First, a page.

Jefferson was born into a privileged family in Chicago; her father was head of paediatrics at a famous local hospital and her mother was a well-known socialite. Even though she had a rarefied upbringing and decent education in 1950’s America and could be considered part of the local elite, she was never going to be accepted by society in general, because she was black.
“I call it Negroland because I still find “Negro” a word of wonders, glorious and terrible. A word for runaway slave posters and civil rights proclamations; for social constructs and street corner flaunts. A tonal-language word whose meaning shifts as setting and context shift, as history twists, lurches, advances, and stagnates. As capital letters appear to enhance its dignity; as other nomenclatures”
Jefferson’s family were members of what she describes as Negroland, an exclusive club of privileged blacks or what her mother calls, “upper-class Negroes and upper-middle-class Americans”. They were excluded from the very high society of Chicago because of their colour whilst never managing to integrate themselves fully in the black community there. Through her eyes, we see American societies crucial turning points in the late 20th century; civil rights, gender awareness and prejudice.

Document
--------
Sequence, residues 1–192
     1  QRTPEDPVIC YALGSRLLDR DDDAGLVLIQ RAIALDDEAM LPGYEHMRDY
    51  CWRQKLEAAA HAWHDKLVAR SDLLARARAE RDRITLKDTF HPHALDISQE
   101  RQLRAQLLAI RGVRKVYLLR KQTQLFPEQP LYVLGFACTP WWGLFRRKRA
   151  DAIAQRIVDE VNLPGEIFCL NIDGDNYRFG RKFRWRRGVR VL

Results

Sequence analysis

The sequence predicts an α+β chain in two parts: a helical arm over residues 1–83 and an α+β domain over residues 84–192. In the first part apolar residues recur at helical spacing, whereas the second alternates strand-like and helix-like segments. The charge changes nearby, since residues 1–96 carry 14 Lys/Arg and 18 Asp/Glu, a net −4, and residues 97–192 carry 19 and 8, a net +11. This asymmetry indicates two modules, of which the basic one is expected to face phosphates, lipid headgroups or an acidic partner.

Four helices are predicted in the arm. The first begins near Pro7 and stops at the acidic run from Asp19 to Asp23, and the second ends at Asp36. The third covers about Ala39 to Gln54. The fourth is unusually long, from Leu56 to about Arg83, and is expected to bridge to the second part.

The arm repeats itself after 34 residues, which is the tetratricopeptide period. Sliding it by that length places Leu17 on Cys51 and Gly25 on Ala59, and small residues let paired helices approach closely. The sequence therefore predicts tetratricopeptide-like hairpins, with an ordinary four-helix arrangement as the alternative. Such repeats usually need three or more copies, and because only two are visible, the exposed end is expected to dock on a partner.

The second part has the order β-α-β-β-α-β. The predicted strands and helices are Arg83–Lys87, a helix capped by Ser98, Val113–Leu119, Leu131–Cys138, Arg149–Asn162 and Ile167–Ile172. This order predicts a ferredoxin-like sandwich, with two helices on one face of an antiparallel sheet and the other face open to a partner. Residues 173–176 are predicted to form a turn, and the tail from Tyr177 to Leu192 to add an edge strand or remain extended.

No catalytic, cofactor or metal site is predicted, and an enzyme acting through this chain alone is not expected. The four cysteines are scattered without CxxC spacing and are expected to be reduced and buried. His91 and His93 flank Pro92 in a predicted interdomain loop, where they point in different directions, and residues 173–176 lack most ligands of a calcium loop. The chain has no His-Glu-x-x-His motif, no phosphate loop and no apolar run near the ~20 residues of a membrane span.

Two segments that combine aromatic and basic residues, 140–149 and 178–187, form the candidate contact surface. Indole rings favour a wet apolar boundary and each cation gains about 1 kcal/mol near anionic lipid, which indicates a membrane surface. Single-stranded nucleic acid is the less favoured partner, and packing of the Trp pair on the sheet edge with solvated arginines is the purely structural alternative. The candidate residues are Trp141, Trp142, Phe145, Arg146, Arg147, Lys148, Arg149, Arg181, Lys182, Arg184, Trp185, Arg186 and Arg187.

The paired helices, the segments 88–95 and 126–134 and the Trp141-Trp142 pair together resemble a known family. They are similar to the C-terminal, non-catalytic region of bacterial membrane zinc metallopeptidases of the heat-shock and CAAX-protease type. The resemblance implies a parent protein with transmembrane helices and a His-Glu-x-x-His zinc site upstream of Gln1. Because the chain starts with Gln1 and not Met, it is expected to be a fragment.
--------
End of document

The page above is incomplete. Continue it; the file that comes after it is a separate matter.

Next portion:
“Privilege is provisional. Privilege can be denied, withheld, offered grudgingly and summarily withdrawn. Entitlement is impervious to the kinds of verbs that modify privilege. Our people have had to work, scrape for privilege, gobble it down when those who would snatch it away weren’t looking. Keep a close watch.”
The writing is conversational and at times chatty, but most importantly it is full of wry commentary, provocative observations and melancholic musings. She shows perseverance in trying to make her way in a country that has made real progression with regards to race, but still has so far to go. Worth reading for an insight into a culture and a country so very different to mine.